In this age of technology, we tend to believe technology surpasses human capability. Research constantly disproves by brining to light certain biological processes and natural systems, which are way, better, accurate and also in many cases profitable. One such example being the ability of mammals to choose the sex of their offspring.
A new breakthrough study conducted by a research team at Stanford University School of Medicine recently revealed how female mammals could manage to determine the sex of their offspring by controlling the sperm while it travels through her body. The study also claims that this mechanism could be responsible for mammals having an increased chance of having more grandchildren.
The researchers took in breeding records of 40,000 mammals spread over a period of 90 years. Joseph Garner, Associate Professor of Comparative Medicine and senior author of the study explained, "This is one of the holy grails of modern evolutionary biology - finding the data which definitively show that when females choose the sex of their offspring, they are doing so strategically to produce more grandchildren."
Careful analysis of three generations of more than 2,300 animals revealed a shocking discovery that the mammals were able to strategically choose to give birth to sons. Joseph Garner further added, "Amazingly, the female is somehow picking the sperm that will produce the sex that will serve her interests the most: The sperms are really just pawns in a game that plays out over generations."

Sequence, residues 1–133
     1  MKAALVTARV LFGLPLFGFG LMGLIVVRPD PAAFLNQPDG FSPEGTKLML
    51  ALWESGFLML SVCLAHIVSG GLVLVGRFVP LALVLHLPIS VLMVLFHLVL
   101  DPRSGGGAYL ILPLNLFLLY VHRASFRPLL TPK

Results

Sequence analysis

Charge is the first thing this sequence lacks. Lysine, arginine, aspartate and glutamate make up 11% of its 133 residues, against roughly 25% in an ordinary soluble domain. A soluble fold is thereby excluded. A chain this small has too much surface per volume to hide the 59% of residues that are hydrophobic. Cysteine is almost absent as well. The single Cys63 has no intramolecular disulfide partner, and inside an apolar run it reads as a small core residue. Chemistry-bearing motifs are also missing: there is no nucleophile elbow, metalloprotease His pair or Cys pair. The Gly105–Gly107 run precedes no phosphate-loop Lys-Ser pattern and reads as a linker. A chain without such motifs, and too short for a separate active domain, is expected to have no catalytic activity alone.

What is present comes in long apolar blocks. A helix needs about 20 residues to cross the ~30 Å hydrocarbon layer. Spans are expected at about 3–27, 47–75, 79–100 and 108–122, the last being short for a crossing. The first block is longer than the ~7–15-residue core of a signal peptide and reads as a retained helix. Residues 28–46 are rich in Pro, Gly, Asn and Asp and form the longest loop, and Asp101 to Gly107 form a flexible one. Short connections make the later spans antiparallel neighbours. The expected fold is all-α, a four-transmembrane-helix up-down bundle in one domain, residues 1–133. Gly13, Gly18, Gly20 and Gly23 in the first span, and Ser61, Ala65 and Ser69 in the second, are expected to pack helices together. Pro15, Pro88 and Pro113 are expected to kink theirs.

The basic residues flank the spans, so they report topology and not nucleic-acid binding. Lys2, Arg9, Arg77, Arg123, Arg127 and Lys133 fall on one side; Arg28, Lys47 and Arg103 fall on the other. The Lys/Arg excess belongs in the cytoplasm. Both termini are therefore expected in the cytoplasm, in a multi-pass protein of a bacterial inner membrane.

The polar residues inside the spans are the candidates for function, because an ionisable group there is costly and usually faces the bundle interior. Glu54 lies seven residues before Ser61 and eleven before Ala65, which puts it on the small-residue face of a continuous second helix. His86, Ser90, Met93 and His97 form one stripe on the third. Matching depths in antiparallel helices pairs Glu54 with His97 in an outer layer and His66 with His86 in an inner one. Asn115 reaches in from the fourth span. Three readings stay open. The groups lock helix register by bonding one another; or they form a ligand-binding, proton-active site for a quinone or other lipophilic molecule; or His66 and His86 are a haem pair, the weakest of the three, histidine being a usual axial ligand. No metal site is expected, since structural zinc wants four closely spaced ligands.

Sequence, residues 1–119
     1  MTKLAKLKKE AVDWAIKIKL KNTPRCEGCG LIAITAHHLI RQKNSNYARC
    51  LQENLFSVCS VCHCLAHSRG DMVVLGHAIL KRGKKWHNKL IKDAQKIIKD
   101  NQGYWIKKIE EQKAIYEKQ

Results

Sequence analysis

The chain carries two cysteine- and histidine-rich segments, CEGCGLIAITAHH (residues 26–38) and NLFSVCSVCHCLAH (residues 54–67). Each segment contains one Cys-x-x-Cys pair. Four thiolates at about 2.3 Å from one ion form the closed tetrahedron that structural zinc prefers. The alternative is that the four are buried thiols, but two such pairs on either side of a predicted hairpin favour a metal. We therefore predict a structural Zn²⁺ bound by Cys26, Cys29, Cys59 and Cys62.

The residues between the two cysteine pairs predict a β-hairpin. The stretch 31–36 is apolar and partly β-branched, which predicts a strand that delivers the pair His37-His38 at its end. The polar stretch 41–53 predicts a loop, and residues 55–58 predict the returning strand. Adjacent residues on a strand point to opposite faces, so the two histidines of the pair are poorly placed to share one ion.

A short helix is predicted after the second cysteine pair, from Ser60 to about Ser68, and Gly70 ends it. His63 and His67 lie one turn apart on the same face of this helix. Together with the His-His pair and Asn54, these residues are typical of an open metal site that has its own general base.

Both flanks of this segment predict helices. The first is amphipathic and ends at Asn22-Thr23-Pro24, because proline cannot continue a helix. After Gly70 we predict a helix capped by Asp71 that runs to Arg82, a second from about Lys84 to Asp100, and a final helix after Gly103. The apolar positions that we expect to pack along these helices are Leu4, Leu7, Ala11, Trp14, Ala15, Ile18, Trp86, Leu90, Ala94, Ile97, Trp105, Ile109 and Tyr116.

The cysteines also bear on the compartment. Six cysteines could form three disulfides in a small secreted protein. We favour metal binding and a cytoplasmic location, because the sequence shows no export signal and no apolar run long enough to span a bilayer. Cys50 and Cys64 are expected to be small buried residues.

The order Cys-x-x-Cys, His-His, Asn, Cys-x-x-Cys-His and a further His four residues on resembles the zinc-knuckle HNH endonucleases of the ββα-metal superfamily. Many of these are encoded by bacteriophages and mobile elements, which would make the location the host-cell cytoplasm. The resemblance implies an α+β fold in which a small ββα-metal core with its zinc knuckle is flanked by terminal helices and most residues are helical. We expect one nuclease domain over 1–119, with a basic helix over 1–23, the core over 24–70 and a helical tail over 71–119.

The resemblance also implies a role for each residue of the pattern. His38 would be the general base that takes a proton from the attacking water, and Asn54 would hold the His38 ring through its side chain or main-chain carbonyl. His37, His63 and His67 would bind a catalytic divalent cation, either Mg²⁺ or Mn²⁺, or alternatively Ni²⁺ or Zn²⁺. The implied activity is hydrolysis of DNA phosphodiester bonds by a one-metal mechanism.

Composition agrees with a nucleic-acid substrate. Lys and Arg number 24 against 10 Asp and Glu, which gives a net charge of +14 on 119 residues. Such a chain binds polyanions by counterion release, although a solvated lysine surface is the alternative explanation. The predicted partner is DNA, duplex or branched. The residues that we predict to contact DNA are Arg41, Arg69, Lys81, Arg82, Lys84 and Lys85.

These findings seem to in some ways coincide with the theory proposed by scientists Dan Williard and Robert Trivers in 1973, who believed that mammals manipulated the sex of their offspring such as to maximize their reproductive success.
Although the exact mechanism behind this manipulation is yet to be known correctly, it is speculated that the female mammals are able to control the 'male' and 'female' sperm within their bodies, which are differentiable owing to the difference in their shapes. The females are able to speed up or slow down the sperm they want to select.
The findings of this study are published in PLOS ONE.
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